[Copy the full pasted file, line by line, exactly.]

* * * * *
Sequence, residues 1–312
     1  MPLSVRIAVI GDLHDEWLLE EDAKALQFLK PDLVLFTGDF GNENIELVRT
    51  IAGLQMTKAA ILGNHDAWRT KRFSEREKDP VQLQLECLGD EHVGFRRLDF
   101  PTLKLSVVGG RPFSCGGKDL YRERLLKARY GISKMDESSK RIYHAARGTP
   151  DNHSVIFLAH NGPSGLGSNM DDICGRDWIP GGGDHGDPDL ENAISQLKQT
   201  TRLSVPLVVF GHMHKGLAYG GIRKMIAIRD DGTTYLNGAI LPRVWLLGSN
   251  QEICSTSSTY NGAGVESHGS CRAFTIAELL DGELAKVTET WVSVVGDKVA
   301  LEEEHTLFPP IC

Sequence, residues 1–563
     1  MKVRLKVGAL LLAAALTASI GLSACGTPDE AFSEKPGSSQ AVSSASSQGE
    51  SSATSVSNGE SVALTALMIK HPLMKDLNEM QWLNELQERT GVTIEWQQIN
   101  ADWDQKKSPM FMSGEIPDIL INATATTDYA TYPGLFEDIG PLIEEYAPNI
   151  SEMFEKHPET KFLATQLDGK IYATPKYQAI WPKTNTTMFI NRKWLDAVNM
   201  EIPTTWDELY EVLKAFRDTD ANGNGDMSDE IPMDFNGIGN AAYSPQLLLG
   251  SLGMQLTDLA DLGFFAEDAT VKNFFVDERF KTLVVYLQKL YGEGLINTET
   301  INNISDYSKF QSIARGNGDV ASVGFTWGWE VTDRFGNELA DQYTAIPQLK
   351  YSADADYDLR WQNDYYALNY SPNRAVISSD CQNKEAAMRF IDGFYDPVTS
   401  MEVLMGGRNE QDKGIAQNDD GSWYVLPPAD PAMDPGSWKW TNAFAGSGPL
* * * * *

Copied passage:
Sequence, residues 1–312
     1  MPLSVRIAVI GDLHDEWLLE EDAKALQFLK PDLVLFTGDF GNENIELVRT
    51  IAGLQMTKAA ILGNHDAWRT KRFSEREKDP VQLQLECLGD EHVGFRRLDF
   101  PTLKLSVVGG RPFSCGGKDL YRERLLKARY GISKMDESSK RIYHAARGTP
   151  DNHSVIFLAH NGPSGLGSNM DDICGRDWIP GGGDHGDPDL ENAISQLKQT
   201  TRLSVPLVVF GHMHKGLAYG GIRKMIAIRD DGTTYLNGAI LPRVWLLGSN
   251  QEICSTSSTY NGAGVESHGS CRAFTIAELL DGELAKVTET WVSVVGDKVA
   301  LEEEHTLFPP IC

Sequence, residues 1–563
     1  MKVRLKVGAL LLAAALTASI GLSACGTPDE AFSEKPGSSQ AVSSASSQGE
    51  SSATSVSNGE SVALTALMIK HPLMKDLNEM QWLNELQERT GVTIEWQQIN
   101  ADWDQKKSPM FMSGEIPDIL INATATTDYA TYPGLFEDIG PLIEEYAPNI
   151  SEMFEKHPET KFLATQLDGK IYATPKYQAI WPKTNTTMFI NRKWLDAVNM
   201  EIPTTWDELY EVLKAFRDTD ANGNGDMSDE IPMDFNGIGN AAYSPQLLLG
   251  SLGMQLTDLA DLGFFAEDAT VKNFFVDERF KTLVVYLQKL YGEGLINTET
   301  INNISDYSKF QSIARGNGDV ASVGFTWGWE VTDRFGNELA DQYTAIPQLK
   351  YSADADYDLR WQNDYYALNY SPNRAVISSD CQNKEAAMRF IDGFYDPVTS
   401  MEVLMGGRNE QDKGIAQNDD GSWYVLPPAD PAMDPGSWKW TNAFAGSGPL